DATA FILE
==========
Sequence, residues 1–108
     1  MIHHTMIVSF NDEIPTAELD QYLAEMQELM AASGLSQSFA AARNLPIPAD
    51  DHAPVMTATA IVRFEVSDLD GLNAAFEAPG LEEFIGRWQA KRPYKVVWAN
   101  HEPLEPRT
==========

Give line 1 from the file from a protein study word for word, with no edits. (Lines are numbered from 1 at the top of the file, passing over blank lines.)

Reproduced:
Sequence, residues 1–108